Outspoken defiance made Yorkshireman James Pickles the most famous judge in England and a tap-room topic in his own right.
In 25 years on the bench he strove to be firm and fair but, above all, independent.
"A judge who kept glancing nervously at MPs, the press or anybody would
be a bad judge," he said.
Judge Pickles flouted the voluntary code that the judiciary do not speak out in public, and he criticised the legal system for being infected by conservatism, complacency and conformity.
The decision to jail a young mother for helping shoplifters and send her 10-week-old baby to prison with her capped a succession of controversial sentences and clashes with the legal establishment.
In 1985, the judge was threatened with the sack for saying Lord Hailsham, the then Lord Chancellor, was a "brooding quixotic dictator" born with a golden spoon in his mouth.
Twenty Labour MPs signed a motion calling for his resignation when he freed a child molester on probation.
He was also criticised by the then Lord Chief Justice, Lord Lane, after
he jailed a young mother who refused to give evidence against her former boyfriend.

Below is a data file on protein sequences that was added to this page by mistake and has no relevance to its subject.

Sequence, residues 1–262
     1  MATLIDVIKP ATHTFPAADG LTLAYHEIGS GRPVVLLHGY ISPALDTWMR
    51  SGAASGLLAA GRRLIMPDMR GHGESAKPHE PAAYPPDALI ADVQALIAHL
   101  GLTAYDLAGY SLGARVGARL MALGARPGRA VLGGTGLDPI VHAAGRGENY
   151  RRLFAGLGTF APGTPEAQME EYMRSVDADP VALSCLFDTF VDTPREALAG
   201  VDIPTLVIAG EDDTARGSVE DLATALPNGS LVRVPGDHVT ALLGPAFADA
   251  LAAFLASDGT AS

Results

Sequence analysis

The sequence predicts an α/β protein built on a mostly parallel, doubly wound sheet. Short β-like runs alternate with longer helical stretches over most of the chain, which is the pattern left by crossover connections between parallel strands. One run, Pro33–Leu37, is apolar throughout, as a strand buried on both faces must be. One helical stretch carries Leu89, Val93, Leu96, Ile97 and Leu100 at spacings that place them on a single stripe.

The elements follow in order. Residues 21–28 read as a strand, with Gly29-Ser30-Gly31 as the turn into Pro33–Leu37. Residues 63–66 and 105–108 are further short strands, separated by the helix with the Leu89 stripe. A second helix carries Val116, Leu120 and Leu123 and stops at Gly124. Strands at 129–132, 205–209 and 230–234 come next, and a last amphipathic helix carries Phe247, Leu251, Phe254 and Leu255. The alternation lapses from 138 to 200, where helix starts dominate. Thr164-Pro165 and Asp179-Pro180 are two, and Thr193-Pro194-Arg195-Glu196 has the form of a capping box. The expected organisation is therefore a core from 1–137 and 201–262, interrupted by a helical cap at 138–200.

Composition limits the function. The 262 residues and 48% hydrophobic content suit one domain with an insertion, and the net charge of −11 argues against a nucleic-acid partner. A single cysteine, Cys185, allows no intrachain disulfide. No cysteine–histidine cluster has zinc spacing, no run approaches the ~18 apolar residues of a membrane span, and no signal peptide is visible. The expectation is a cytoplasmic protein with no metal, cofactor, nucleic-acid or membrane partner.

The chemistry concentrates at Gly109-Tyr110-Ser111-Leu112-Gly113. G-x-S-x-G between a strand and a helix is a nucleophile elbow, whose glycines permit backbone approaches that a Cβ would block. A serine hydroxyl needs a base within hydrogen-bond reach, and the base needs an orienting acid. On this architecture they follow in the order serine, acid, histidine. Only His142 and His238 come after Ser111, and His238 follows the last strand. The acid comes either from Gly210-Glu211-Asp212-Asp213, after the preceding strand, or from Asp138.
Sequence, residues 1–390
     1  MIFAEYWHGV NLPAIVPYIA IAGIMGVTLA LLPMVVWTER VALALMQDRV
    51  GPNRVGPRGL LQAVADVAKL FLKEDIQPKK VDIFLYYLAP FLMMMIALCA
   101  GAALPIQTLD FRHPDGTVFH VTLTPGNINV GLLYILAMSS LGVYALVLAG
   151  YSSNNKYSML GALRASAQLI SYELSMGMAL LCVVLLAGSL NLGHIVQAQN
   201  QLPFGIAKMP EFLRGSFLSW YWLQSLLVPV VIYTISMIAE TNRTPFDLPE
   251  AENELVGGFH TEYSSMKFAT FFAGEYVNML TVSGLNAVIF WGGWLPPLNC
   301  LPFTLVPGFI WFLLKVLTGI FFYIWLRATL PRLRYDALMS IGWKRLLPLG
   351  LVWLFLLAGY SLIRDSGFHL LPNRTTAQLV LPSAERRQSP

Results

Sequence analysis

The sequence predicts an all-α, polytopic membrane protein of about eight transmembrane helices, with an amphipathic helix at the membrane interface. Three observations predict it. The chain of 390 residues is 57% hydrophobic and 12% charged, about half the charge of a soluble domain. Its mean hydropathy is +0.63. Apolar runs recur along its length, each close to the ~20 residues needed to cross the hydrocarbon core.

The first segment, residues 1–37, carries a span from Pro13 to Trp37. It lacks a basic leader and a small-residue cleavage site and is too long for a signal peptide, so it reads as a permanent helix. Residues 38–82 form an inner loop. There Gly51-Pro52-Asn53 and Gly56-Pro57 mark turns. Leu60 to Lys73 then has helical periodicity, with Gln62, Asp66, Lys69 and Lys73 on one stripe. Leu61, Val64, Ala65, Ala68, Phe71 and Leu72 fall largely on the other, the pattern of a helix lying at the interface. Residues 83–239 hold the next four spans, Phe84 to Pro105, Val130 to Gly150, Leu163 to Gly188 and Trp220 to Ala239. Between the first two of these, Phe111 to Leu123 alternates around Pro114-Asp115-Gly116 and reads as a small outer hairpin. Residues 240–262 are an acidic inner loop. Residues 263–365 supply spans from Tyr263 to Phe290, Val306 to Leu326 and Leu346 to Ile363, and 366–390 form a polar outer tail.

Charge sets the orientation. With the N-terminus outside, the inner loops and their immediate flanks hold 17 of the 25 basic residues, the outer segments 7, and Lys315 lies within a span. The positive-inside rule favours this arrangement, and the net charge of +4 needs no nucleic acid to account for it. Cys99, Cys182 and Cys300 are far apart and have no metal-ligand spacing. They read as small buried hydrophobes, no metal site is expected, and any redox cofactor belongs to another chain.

MPs and women's groups were furious and the Court of Appeal quashed the decision.
But the judge was unapologetic: "The only sentence people really take notice of is loss of liberty."
He called for legal brothels and relaxation of the drug laws, saying they served only to hound people and encouraged robbery by pushing up prices.
He offended many by saying: "I like to look at page three of the Sun newspaper," at the same time insisting he supported women's liberation.
The nephew of Wilfred Pickles, the broadcaster, he was born on March 18, 1925 and called to the Bar in 1946. His application to become a QC was turned down three times.
He became an assistant recorder in 1963, a Crown Court recorder in 1972 and a judge in 1976 after the Lord Chancellor had rejected earlier applications.
In newspaper articles and his 1987 book, Straight From The Bench, the first of its kind by a serving judge, he aired his views on the delays, secrecy and old-boy network of the judicial system.
The resulting dispute with Lord Hailsham ended with a relaxation of the Kilmuir rules which prevent judges speaking out in public without the Lord Chancellor's permission.
Judge Pickles had pushed back the frontiers and went on making his own judgments on when it was right to speak out.
"I have things to tell the public that they are entitled to know," he said.
"If I sense that they want me to shut up, I will."
He retired in 1991, but continued to be in the public eye by writing a newspaper column and appearing on television. A book called Judge for Yourself came out in 1992, and a novel, Off the Record, the following year.